How do I get PrEP?

PrEP requires a prescription from a doctor or nurse practitioner, and also requires some minor (but really important) regular follow up. Because PrEP is so new, sometimes doctors may not have heard of it, and might not feel comfortable prescribing it. Also, like we discussed above, sometimes doctors will only prescribe PrEP if you disclose sexual activity that fits one or more of the ‘high risk’ categories we talk about elsewhere on this site. Below are all the steps you need to take to get a prescription for PrEP, and a link to a printable fact sheet that can help with some pointers, and contains a list of required tests.


Step 1 – Talk to your Doctor

Talk to your doctor or nurse practitioner about why you are interested in PrEP. This might require sharing some pretty personal information, and we know that can be a barrier to guys when talking to their primary healthcare provider not just about PrEP, but sexual health in general. If you’re not comfortable sharing details about your sex life with your primary care provider, contact HIM and we can try to help connect you with a gay-friendly provider, or with providers here in Vancouver who might be more familiar with PrEP, and more willing to work with you to consider it as an HIV prevention strategy for you. Remember that the most important thing here is that you have to have a prescription for PrEP, and it does require some follow up, so having a regular provider is essential.


Step 2 – The Tests

Once you and your healthcare provider decide PrEP is a good choice for you, they’re going to need to have you complete some really important tests. These tests are listed below, and you should make sure you know about them, just in case your doctor isn’t familiar with all the steps to prescribing PrEP. If your doctor doesn’t ask for one of these tests, it’s essential that you let them know, because not getting one of them could cause big complications later on. Here is the printable fact sheet that has some helpful hints on talking to your provider about PrEP, and a brief list of all the required tests you need before and after starting PrEP- just in case they aren’t familiar with PrEP, and aren’t sure what tests you need.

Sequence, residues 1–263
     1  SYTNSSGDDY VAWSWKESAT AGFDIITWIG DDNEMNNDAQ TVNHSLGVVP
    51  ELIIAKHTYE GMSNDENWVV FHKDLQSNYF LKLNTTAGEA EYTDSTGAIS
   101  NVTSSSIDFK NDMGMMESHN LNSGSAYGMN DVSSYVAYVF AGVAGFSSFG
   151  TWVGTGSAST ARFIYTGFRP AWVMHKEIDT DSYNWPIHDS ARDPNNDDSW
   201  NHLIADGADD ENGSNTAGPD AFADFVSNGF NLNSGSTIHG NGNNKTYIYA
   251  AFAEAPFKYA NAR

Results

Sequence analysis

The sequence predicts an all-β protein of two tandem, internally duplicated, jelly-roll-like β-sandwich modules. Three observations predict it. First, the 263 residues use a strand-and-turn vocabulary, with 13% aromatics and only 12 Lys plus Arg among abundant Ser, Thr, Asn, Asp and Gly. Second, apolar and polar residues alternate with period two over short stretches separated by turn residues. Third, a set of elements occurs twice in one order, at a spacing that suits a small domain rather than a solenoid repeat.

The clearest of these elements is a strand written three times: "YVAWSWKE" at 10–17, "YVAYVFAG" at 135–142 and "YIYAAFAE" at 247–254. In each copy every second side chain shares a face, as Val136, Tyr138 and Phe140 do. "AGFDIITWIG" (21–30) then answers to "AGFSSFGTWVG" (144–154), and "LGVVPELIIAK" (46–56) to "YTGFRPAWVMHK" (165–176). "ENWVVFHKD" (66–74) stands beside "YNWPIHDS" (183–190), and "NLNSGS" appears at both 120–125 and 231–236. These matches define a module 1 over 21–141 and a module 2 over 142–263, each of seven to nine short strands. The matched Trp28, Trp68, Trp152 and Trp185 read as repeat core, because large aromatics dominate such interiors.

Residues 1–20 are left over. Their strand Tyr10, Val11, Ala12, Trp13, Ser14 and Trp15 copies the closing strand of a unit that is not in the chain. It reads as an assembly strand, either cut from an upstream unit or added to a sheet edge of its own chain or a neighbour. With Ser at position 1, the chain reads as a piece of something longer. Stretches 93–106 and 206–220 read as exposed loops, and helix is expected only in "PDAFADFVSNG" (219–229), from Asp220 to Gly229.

Before Starting PrEP: The Tests

  1. HIV: It’s essential you get an HIV test before you start PrEP. If you start PrEP and are positive but don’t know it, it can be a big issue. Even though Truvada is used as an HIV treatment drug, on its own it isn’t powerful enough to control the virus. This means if you’re taking PrEP but are HIV positive and don’t know it, the virus could mutate and become resistant to Truvada. Because Truvada is considered a ‘frontline’ medication for HIV treatment (because it’s so safe and well-tolerated), it’s important that it is only reserved for proper use in combination with other drugs for HIV treatment and prevention. After you take your HIV test, your provider will likely recommend that you avoid any sexual activity that can pass HIV for about seven days after you start Truvada for PrEP. This is just to make sure you have enough medication in your bloodstream to protect against HIV before you have sex.
  2. Hepatitis B: Truvada can also cause complications for guys who have Hepatitis B, even if they don’t know it. It can also cause complications for guys who contract Hep B after they start PrEP. So, another essential test is a Hep B test if you haven’t been vaccinated, or what’s called a ‘titer reading’ if you have been vaccinated. A titer reading tells your provider how active your vaccination is, and will help them determine if you should be re-vaccinated. If you haven’t been vaccinated against Hep B., you will need to be before you can start PrEP.
  3. Kidney function test: because a very small number of guys will have decreased kidney function as a side effect of PrEP, your provider should test your kidney function before you start PrEP, and also one month after. This will let you and your provider know if it’s safe to start, and will also let you both know very quickly if any kidney issues arise. The specific test your doctor should ask for will measure (or estimate) how efficiently your kidneys clear a kind of protein called ‘creatinine.’
  4. STI tests: STI screening is also part of initiating PrEP, both when you start and for however long you take the medication. REMEMBER: PrEP DOES NOT PROTECT AGAINST ANY OTHER STIs! Vancouver is currently experiencing a significant syphilis outbreak, and rates of other STIs here remain high. For many reasons, you should get tested every three months. One great thing about PrEP is STI testing becomes a more regular part of your overall healthcare regimen!

While You’re on PrEP: The Tests

  1. HIV: even though you’re taking PrEP to prevent HIV transmission, you’ll still need to get tested for HIV every three months. Because PrEP is still pretty new, researchers are following users closely to make sure it’s as effective as studies indicate. We also know that all HIV prevention methods, including condoms and PrEP, will not work 100% of the time. Getting tested for HIV every three months ensures that in cases where PrEP didn’t work to prevent HIV transmission, guys can get the treatment they need immediately.